CHAMPAIGN — I’ve known a few surly, unlikable coaches who made everyone want to stand at a safe distance.
They were rude and uncaring. Their personalities were abrasive and arrogant.
But Illini head football coach Tim Beckman is not one of those coaches.
While directing Illinois to a 2-6 start in his first season as coach, Beckman has had his issues. We’ll get to them in a minute.
But in his interaction with the public and media, he’s a decent enough guy who smiles and generally says harmless, polite things.
That said, the public outcry at Beckman’s coaching start has been spiked with a venom that is normally reserved people who do mean things to children, puppies or both.
I’m not defending the guy because his football team has been dreadful and it’s quite possible he won’t be able to coach his way out of this mess that seems to have trapped him. But some of the hostility and vitriol strikes me as over the top.
In truth, though, I think I understand it.
It’s not that 2-6 record.
Heck, his predecessor, Ron Zook, started out 4-20 and things looked plenty grim in his early going.
Before that, Ron Turner lost his first 12 games and there was grumbling about him, too.
So Illini football fans are not unaccustomed to rocky coaching starts.
But with Beckman, it’s a combination of factors that have conspired to make Illini football fans feel victimized by the single-worst word in the sports vocabulary: Hopelessness.
Beckman took over a team that won consecutive bowl games. There appeared to be enough talent to fight it out near the .500 mark again, especially with key members of a very good defense still in place.
But that defense splintered at Arizona State on Sept. 8 and has never been the same. The offense has never found an identity and, perhaps most remarkable of all, the worst special teams in America continue to be an embarrassment.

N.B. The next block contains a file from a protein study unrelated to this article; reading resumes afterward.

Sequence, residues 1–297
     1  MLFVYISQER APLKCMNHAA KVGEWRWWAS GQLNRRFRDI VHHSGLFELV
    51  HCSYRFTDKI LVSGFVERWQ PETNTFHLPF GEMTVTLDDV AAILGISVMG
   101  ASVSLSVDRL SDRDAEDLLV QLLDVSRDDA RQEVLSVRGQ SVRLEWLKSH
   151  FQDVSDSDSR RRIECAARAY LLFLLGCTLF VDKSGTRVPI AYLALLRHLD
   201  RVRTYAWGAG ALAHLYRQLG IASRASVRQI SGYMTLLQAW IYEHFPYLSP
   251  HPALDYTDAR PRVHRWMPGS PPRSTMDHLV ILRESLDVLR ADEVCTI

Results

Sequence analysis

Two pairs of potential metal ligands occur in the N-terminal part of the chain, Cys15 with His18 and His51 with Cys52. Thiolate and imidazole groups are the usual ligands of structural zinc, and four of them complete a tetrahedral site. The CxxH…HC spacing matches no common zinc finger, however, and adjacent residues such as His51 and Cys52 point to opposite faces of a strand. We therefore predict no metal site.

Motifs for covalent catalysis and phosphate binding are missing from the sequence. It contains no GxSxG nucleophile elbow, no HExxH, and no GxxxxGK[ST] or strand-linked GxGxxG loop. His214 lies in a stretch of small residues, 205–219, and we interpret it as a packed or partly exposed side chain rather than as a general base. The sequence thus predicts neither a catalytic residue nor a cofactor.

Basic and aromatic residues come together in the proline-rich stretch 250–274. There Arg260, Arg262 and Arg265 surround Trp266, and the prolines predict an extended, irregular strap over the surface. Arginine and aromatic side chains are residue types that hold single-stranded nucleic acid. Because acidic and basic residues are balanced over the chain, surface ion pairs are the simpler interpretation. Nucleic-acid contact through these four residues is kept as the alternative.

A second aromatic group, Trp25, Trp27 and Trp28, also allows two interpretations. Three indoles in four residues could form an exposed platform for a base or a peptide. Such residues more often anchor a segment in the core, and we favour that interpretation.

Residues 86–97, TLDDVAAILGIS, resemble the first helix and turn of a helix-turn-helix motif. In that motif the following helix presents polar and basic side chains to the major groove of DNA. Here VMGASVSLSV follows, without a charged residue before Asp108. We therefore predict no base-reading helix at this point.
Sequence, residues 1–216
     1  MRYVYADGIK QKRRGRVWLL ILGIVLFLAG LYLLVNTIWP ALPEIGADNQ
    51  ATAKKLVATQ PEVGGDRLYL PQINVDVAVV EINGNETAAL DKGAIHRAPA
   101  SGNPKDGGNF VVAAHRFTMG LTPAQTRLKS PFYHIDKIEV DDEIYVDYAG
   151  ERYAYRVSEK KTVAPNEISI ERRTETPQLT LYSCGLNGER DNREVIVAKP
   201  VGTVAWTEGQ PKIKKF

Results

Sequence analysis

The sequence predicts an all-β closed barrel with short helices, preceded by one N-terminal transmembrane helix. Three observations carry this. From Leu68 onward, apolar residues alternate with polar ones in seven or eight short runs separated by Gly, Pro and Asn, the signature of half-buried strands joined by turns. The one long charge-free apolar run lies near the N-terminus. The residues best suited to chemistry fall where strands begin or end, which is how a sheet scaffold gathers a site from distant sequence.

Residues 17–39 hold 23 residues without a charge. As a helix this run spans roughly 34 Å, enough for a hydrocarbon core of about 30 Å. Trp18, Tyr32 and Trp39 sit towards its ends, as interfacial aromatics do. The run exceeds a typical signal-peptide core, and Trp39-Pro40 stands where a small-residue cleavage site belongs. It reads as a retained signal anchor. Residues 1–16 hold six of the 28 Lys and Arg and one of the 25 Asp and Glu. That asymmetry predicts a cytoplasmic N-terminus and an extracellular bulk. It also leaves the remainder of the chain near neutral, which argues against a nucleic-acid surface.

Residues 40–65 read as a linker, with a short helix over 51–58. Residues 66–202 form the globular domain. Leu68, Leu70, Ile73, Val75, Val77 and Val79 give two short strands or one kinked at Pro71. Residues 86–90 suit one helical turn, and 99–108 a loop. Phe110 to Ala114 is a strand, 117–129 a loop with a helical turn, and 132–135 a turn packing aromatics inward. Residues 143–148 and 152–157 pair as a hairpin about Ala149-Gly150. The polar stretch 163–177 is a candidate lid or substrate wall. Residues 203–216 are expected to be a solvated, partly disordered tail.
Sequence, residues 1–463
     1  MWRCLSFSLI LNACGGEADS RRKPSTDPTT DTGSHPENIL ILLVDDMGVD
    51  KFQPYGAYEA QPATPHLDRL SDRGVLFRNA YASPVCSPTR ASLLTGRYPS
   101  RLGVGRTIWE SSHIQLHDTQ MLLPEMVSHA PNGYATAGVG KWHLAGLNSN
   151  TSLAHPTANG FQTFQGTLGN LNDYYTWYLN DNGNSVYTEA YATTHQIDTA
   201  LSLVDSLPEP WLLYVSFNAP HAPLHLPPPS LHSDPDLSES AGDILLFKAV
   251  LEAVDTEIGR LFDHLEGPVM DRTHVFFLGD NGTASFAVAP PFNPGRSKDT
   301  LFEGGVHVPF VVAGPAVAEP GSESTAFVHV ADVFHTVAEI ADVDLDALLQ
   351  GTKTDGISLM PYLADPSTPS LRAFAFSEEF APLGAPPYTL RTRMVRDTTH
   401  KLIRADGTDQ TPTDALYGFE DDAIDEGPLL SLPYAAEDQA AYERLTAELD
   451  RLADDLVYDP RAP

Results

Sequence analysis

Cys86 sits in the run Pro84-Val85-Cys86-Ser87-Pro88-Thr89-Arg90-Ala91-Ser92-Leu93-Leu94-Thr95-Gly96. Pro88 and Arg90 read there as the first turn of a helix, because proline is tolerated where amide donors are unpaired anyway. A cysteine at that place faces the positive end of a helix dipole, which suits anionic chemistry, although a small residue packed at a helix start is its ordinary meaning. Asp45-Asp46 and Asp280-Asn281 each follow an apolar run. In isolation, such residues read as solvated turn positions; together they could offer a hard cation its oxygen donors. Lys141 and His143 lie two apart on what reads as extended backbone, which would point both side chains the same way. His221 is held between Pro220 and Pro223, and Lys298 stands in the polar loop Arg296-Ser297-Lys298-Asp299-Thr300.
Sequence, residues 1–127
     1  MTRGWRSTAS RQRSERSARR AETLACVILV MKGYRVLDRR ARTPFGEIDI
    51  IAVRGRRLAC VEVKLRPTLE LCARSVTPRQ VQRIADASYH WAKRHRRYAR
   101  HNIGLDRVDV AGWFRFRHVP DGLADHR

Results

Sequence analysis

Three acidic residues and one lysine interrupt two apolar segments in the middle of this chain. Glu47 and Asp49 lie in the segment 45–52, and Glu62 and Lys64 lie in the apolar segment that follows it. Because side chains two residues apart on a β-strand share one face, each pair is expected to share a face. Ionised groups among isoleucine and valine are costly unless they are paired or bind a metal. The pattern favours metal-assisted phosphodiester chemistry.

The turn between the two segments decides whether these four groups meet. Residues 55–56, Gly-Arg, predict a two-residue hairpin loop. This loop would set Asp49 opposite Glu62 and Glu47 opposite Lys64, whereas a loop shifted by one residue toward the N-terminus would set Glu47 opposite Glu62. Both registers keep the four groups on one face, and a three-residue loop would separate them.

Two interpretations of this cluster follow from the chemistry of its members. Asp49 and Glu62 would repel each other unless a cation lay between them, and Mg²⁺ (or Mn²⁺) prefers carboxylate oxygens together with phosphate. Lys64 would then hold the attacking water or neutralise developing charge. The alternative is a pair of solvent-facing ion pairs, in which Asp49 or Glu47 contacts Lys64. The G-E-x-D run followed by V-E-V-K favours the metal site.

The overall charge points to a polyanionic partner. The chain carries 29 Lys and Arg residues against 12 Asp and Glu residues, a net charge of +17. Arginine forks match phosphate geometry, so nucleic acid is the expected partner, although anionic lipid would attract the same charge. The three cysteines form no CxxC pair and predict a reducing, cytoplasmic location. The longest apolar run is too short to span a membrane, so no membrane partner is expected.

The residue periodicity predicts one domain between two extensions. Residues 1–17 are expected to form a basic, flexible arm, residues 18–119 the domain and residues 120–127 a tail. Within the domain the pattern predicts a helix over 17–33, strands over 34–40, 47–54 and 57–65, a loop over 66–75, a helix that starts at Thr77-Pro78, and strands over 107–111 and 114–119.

Simply put, there’s not a single thing an Illini football fan can point to and say, “We do that really well.”
Beckman arrived from the Mid-American Conference (not a big plus with Illini fans) with a kind of Opie Taylor innocence. He quickly talked about having position groups to his home on Thursday nights for lasagna dinners and he began rewarding and punishing his players with varying levels of cuisine — steaks and cakes for winners, beans and weenies for losers.
There are all kinds of military logos slapped on the walls of the team meeting room, and slogans and gimmicks rule the day.
Early on, a fellow scribe nicknamed him, “High School Harry,” because some of these motivational methods seemed more suited for children than young men.
We’ve heard stories about bickering assistant coaches and on Monday, defensive tackle Akeem Spence described team morale as, “OK. It’s not great. Guys are not happy with the way things are going, but they are still willing to come in and work and study film.”
That stuff doesn’t bother me. There are screaming matches within some of the best coaching staffs in America. The high-tension turmoil among some of Mike White’s Illini assistants is legendary.
And when players have lost 12 of the last 15 games, I wouldn’t expect morale to be sky high. Players are frustrated, too.
The sideline tobacco incident only served to further embarrass the university and it did nothing to help Beckman’s image as a strong leader.
Instead, it made him look like an extra on Duck Dynasty.
The hostility has spilled beyond Beckman. Angry fans want AD Mike Thomas to be held accountable, too. And there are plenty of irate voices asking for both of their jobs.
Thomas, speaking on a Champaign radio show Saturday, said only 10 percent of Illini fans were expressing this level of negative reaction.
It’s more than that, Mike. It’s worse than that.
I expect Beckman to be back for a second season as he tries to build the team through recruiting. But I also expect there to be changes on that coaching staff and I won’t be surprised it includes at least one coordinator. It’s just not working.
In the meantime, he’d do well to win one or two of these remaining football games. Or at least show a competitiveness that’s been missing.
Illini fans have put up with losing before, but the accumulative effect has become old. Fans are fed up and believed Thomas would make the hire to end this sad cycle.
And now those fans are at the worst place of all, the feeling that the losing will never end.
If there are better times ahead, fans can’t see them. They can’t feel them. And a number of those fans are tired of waiting for them.
Tim Beckman’s most recent motto is “Own the Day.”
I suggest he work urgently on this one: “End the Hopelessness.”
That’s what has created a vicious hostility that has the entire program on edge.